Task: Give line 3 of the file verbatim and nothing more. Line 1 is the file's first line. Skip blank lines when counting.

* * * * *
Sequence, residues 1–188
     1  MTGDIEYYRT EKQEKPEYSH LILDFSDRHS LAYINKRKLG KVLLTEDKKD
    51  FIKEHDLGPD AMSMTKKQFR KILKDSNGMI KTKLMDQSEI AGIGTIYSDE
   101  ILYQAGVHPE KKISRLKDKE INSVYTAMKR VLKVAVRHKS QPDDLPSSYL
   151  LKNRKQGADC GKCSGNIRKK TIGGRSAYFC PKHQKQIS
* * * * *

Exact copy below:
    51  FIKEHDLGPD AMSMTKKQFR KILKDSNGMI KTKLMDQSEI AGIGTIYSDE